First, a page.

Mediating Palatability-­Guided Food and Water Consumption with Hindbrain Double­ Negative Feedback


Animal survival relies on neural mechanisms that trigger behaviors to meet basic bodily needs. Traditionally, motivated behaviors have been categorized into three phases (Figure 1A; Craig, 1917).

The preparatory (foraging) phase is where a desired outcome is sought and obtained, and is often the result of an increasing physiological demand. The consummatory phase follows this, which consists of motor, reward, and sensory processes related to accomplishing the aims of the behavior (for example eating food or drinking water). During the consummatory phase, satiety builds and eventually stops the behavior, through the activation of PBNCGRP neurons for example (Campos et al., 2016, 2018).

The analysis of neuron dynamics is required to understand the neural processes for these motivated behaviors to establish the selective involvement of neurons in the satiety, consummatory, or preparatory phases.
Signals of energy deficit activate the agouti­related protein (AGRP) neurons in the hypothalamic arcuate nucleus (ARC) (Cowley et al., 2003).

Studies, where AGRP neurons have been artificially activated in sated mice to generate a virtual need, describe how these neurons reflect aspects of hunger by initiating food­directed foraging and selectively inducing the avid consumption of food (Figure 1A; Aponte et al., 2011; Krashes et al., 2011).

AGRP neurons promote food­seeking, transmit negative valence, and are quickly repressed when food is located, which leads to activity being low during eating (Betley et al., 2015; Chen et al., 2015; Mandelblat­Cerf et al.,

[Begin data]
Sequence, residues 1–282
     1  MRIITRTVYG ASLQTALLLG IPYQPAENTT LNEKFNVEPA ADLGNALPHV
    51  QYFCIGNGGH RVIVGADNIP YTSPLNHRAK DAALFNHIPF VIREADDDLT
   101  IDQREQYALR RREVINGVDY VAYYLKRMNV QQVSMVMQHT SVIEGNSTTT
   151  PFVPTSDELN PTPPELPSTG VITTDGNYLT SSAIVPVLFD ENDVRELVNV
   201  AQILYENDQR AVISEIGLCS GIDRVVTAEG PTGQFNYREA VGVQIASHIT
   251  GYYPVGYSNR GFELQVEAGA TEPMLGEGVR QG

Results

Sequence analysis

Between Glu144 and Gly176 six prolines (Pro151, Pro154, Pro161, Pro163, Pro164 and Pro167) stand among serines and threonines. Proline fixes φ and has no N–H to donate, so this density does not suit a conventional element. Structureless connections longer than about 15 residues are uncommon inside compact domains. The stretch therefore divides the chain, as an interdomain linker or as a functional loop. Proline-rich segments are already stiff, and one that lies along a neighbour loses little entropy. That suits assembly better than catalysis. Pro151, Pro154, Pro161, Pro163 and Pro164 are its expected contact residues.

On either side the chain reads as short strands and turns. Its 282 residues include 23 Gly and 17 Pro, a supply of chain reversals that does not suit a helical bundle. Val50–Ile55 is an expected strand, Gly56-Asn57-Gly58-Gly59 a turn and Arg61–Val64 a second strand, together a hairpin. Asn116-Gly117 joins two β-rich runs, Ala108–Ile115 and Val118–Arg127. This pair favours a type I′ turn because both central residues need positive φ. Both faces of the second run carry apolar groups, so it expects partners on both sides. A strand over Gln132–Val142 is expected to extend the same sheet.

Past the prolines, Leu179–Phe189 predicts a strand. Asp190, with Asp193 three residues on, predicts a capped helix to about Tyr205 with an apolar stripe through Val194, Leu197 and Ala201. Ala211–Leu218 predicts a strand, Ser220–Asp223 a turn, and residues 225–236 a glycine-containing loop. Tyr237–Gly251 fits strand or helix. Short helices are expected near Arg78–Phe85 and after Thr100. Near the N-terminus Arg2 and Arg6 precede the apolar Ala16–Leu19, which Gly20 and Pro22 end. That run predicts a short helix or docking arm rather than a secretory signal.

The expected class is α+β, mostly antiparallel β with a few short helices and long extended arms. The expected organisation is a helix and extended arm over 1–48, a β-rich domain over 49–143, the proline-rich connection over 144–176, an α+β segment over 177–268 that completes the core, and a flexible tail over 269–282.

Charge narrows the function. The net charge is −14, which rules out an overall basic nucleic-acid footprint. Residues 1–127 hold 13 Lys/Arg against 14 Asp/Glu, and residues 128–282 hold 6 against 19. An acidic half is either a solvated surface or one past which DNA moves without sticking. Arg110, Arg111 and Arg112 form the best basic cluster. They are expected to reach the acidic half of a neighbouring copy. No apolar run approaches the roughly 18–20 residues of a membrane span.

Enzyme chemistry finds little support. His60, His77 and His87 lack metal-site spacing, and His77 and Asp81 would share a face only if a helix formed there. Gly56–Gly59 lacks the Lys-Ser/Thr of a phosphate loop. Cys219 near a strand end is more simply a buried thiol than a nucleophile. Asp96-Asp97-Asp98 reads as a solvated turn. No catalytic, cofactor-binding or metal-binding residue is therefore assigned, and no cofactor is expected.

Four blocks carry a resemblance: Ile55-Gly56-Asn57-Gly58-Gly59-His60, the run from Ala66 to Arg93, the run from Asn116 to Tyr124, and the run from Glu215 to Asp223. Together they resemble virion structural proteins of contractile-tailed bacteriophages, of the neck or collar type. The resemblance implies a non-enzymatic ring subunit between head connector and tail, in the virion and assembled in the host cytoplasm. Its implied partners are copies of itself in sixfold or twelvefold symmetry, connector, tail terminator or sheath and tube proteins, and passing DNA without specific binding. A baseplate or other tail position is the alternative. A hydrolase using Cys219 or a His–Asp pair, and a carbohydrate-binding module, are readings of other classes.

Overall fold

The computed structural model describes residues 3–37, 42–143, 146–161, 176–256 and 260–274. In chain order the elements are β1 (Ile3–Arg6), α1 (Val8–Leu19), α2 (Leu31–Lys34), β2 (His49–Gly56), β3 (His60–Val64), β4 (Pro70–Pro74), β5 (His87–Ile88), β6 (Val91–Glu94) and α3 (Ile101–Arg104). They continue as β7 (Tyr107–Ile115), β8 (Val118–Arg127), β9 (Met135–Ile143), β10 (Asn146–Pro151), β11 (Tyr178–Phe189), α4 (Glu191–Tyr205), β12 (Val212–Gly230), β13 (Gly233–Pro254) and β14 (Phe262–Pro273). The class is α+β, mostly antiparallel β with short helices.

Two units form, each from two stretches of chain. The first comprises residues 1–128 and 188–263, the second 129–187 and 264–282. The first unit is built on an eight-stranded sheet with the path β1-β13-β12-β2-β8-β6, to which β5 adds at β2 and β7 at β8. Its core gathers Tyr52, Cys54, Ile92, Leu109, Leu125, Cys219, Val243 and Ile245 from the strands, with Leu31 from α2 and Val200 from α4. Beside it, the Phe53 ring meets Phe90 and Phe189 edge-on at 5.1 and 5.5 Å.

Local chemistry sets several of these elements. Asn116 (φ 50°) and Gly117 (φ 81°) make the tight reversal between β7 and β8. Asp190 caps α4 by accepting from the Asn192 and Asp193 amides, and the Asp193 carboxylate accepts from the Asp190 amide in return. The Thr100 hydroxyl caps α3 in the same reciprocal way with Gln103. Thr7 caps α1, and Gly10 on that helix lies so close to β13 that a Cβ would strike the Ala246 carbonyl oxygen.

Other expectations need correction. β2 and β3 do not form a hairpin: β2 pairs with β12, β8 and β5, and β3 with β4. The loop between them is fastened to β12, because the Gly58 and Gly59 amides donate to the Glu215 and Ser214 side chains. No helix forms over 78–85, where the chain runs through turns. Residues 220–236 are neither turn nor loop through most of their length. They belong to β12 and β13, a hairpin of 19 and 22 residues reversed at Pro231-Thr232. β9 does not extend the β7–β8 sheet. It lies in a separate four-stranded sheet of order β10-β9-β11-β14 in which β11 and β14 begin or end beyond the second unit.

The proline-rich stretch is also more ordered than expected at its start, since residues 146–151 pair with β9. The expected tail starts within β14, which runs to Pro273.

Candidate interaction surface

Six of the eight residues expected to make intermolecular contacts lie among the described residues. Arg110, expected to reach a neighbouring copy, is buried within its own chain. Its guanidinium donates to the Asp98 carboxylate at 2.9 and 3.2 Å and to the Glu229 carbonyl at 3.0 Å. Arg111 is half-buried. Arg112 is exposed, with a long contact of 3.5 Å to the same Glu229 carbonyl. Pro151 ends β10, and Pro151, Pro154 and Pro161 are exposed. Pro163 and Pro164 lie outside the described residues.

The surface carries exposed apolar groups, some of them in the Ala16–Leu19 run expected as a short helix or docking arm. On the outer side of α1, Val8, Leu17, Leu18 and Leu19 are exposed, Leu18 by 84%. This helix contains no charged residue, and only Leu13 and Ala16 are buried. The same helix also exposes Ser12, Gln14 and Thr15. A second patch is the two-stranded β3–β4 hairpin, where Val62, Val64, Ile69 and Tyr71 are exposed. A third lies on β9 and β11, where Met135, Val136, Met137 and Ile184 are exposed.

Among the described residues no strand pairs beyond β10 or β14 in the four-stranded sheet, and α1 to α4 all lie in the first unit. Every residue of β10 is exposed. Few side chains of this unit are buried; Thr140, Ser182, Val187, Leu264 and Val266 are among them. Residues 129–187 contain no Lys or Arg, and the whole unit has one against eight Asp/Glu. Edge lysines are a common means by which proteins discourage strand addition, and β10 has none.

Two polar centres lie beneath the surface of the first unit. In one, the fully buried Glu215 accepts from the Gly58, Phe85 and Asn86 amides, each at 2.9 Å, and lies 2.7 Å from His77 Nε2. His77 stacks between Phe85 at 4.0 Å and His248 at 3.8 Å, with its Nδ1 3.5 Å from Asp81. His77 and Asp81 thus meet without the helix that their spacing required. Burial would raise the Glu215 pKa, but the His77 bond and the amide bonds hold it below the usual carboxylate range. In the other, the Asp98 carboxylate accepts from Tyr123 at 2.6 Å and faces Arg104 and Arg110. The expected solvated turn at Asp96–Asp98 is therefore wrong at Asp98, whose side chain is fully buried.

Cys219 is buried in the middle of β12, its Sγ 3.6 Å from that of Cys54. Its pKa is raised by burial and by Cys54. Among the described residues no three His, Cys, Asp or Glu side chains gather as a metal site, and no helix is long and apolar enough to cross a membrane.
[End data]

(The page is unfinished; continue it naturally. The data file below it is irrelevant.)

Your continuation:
2015). AGRP neurons activate the preparatory stage of hunger, but they are not necessary for the consummatory stage of eating behavior.

Different neuron populations must be responsible for this phase if AGRP neurons do not perform a key role in prolonging food consumption (Sternson and Eiselt, 2017).

Motor circuits in the hindbrain regulate the rhythmic actions of ingestion (Wiesenfeld et al., 1977), but what regulates the length of food consumption and the control of ingestion is not fully known. The palatability of food is related to food pleasantness (hedonic value) and promotes a transition from ‘‘sampling to savoring’’ that extends consumption behavior (Yeomans, 1998).

Hunger increases subjective accounts of palatability in humans (Cabanac, 1971). The increasing prevalence of obesity may also be driven by simple access to cheap and highly palatable food (Johnson and Wardle, 2014).

Palatability is a main factor that influences appetite (Sørensen et al., 2003), but little is known about the relationship between the neural circuits through which hunger increases consumption and shifts palatability and the interoceptive sensory neurons.

Hunger is not the only factor that regulates ingestion. Thirst increases the consumption of water by nitric oxide synthase 1 (Nos1)­ expressing neurons in the suprafornical organ (SFONOS1) that selectively promote water seeking, generate thirst­related brain state changes, and detect physiological dehydration (Allen et al., 2019; Betley et al., 2015; Oka et al., 2015; Zimmerman et al., 2016).

Thirst and hunger circuits related to SFONOS1 neurons and AGRP neurons are mainly considered as discrete interoceptive pathways for individual physiological states.

Less attention has been given to the behavioral mechanisms that are shared between these distinct physiological states and the possible convergence of thirst and hunger circuits.

To investigate this gap in the literature, the separately localized and molecularly defined SFONOS1 and AGRP neurons were used as entry points to evaluate the convergence of thirst and hunger circuits.

Glutamatergic neurons in the anterior peri­locus coeruleus (periLC) were identified as a polysynaptic convergence region in thirst and hunger processes. Causal perturbations and circuit dynamics demonstrate that periLC neurons regulate eating and drinking by controlling palatability during the consummatory behavior phase.

WP HindbrainFig1

Figure 1. Brain Mapping Downstream of AGRP or SFONOS1 Neurons
(A) The three phases of motivated behavior.
(B) Intersectional strategy for anatomical (HSV) and functional (Fos) polysynaptic mapping of circuits downstream of AGRP or SFONOS1 neurons.
(C) Pipeline for data acquisition and registration to the Allen Institute Mouse Brain Reference Atlas. Scale bar: 1 mm.